Great White Shark Tracked Extremely Close to North Carolina Coast

An online shark tracker displaying information about several tagged great white sharks off the east coast of North America shows that a number of them have surfaced this week, revealing their locations. One of them was a young juvenile seen close to North Carolina.

The shark tracker is enabled by Ocearch, a non-profit group that tags sea animals in order to collect data on them that can be passed on to scientists.

Using a ship called the M/V Ocearch, Ocearch staff lift sea animals such as sharks out of the water with a hydraulic platform. Once animals are restrained and a flow of seawater is passed over their gills, the staff then attach tags and take blood and tissue samples. The animals are then returned to the water.

Great white shark
A stock photo shows a great white shark seen at Guadalupe Island, Mexico. In the Atlantic Ocean, the animals migrate up and down the North American coast. BELOW_SURFACE/Getty

Among the 432 animals that have been tagged by Ocearch are many great white sharks. Whenever one of these sharks breaks the surface of the water, its trackers will sometimes "ping" its location.

According to the Ocearch website, at least four of the great white sharks it has tagged have been pinged off the U.S. east coast this week.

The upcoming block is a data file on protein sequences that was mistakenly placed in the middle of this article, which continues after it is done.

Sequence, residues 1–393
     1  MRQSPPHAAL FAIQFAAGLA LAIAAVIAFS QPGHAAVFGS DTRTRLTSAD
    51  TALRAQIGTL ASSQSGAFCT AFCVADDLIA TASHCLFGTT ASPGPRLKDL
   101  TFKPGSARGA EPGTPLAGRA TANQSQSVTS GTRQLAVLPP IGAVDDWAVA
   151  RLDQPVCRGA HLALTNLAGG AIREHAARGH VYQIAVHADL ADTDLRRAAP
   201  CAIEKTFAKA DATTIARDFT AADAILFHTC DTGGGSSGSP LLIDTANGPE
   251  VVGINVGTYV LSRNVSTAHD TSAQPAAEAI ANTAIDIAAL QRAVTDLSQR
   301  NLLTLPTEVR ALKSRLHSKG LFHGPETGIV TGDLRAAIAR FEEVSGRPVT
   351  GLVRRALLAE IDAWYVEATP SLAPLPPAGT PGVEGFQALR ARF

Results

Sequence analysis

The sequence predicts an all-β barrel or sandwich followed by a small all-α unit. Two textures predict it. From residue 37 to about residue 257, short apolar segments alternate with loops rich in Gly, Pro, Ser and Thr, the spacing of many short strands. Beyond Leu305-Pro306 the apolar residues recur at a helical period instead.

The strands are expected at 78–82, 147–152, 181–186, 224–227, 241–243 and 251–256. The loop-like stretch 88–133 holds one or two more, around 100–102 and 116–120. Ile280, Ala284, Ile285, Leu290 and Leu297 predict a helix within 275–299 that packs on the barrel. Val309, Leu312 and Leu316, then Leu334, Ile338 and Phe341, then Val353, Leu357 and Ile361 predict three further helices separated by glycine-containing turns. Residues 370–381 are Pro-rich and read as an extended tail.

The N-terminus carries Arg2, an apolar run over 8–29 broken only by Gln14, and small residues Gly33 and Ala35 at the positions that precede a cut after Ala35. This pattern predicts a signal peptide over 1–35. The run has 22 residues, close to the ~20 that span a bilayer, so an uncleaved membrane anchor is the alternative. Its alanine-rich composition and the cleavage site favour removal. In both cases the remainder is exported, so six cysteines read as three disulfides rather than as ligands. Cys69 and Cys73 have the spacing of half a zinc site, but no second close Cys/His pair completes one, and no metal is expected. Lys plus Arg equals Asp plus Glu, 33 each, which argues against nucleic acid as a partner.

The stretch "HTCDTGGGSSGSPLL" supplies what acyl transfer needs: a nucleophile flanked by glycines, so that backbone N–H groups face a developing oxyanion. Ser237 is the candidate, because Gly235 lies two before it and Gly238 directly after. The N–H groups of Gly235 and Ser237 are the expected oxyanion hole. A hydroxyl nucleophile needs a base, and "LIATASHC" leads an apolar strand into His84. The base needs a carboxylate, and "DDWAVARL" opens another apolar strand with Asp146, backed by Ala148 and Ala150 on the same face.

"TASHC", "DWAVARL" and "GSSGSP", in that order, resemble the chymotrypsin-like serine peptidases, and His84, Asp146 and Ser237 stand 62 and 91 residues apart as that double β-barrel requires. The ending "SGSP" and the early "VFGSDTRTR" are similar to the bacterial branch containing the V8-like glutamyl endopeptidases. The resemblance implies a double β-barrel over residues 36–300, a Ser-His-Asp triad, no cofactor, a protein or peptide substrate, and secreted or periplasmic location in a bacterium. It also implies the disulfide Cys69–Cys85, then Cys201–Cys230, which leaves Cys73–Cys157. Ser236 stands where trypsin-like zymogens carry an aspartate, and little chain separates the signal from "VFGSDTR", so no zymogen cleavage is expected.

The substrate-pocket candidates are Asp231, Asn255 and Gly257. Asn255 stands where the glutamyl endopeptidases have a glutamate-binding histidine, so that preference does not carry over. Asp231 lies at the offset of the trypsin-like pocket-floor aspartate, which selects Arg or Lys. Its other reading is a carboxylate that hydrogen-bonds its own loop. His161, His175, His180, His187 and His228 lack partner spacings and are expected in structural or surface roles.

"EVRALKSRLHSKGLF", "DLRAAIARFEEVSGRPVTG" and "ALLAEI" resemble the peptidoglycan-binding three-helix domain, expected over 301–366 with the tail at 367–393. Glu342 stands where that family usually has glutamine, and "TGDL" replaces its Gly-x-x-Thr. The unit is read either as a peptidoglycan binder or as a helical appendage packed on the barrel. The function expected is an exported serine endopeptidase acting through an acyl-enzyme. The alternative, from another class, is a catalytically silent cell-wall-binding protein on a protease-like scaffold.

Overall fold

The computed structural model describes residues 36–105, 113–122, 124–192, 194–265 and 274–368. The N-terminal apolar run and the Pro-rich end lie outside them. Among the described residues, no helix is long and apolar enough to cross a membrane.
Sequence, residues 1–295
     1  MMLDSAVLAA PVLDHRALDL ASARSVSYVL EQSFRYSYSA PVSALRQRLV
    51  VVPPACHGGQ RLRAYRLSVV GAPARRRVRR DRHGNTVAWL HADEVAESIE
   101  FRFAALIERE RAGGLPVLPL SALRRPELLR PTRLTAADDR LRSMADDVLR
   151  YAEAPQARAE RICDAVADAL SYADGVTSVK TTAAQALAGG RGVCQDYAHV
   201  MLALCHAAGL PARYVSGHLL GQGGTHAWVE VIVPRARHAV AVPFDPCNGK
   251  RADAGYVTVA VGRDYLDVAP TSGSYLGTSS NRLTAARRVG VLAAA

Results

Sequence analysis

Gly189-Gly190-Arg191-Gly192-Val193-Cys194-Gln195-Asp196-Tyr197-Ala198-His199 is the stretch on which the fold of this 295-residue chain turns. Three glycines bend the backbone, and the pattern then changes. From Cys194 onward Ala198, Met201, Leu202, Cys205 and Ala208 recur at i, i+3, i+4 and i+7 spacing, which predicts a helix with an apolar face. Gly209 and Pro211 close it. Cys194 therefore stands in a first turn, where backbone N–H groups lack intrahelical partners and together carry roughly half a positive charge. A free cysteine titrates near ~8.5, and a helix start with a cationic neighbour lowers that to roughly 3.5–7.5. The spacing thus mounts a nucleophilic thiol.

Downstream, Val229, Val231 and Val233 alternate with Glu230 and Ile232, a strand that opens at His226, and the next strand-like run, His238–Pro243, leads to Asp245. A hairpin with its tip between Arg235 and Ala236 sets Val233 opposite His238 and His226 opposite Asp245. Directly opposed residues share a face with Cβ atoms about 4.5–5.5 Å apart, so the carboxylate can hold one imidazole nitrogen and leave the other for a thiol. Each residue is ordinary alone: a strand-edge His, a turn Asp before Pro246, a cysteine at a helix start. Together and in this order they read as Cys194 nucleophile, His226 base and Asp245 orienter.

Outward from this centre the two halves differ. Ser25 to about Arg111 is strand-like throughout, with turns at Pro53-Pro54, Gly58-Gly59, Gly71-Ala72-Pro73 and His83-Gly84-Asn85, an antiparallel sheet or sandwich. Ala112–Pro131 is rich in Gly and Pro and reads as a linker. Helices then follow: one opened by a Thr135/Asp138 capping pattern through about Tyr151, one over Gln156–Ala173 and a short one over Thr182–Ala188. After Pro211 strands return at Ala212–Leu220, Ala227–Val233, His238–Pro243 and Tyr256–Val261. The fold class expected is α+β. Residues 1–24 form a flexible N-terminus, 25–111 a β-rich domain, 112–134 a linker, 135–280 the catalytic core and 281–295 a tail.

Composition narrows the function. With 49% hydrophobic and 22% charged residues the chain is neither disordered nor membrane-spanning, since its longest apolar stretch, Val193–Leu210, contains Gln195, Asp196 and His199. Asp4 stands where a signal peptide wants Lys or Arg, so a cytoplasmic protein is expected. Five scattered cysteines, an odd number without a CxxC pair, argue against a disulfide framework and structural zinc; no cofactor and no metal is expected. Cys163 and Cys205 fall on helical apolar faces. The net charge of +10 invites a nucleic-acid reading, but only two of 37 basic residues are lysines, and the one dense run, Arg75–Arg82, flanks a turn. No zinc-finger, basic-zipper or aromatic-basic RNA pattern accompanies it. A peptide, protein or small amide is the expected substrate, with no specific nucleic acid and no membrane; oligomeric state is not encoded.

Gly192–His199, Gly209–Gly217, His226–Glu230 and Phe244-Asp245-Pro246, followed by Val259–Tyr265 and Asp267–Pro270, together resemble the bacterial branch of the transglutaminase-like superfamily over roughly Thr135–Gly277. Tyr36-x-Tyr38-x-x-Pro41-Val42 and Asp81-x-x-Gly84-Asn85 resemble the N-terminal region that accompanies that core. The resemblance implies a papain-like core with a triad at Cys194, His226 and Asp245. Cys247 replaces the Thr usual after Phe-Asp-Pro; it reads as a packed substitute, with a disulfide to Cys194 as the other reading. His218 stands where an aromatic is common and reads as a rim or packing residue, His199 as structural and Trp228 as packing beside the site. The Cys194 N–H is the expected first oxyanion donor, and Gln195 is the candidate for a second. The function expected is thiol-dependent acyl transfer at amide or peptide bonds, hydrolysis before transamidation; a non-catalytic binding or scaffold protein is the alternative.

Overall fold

On Tuesday, a great white known as Martha broke the surface of the water just off the coast of North Carolina near Oregon Inlet.

A female, Martha is a juvenile and relatively small shark measuring 7 feet in length when she was studied in August 2020, off Cape Cod, Massachusetts.

The map does not specify distance, but Google Maps suggests the shark was approximately 10 miles off the coast.

Within hours, a much larger adult male named Mahone surfaced many miles away, not too far south of Newfoundland, Canada. Mahone measured 13 feet and 7 inches when studied in October 2020, off Nova Scotia.

Mahone was closely followed by Tancook, a juvenile great white who surfaced off the coast of New Jersey a couple of hours later. Tancook measured around 9.75 feet when studied and weighed an estimated 715 pounds. He was tagged in September last year near Nova Scotia.

Finally, there was Rose, a female juvenile who was pinged on Wednesday roughly near the border of South Carolina and Georgia. She measured 10 feet and 5 inches when she was caught near Nova Scotia in October 2020.

Sharks in the Atlantic Ocean migrate up and down the North American coast every year, spending summers in northern waters near Canada and winters further south towards the Gulf of Mexico, Bob Hueter, chief scientist at Ocearch, told CNN earlier this month.

Great white sharks, also known simply as white sharks, are one of the largest species of shark in the world. They can grow up to around 20 feet in length, though the average size for a female is smaller at around 15 to 16 feet and 11 to 13 feet for a male, according to the Smithsonian Institution.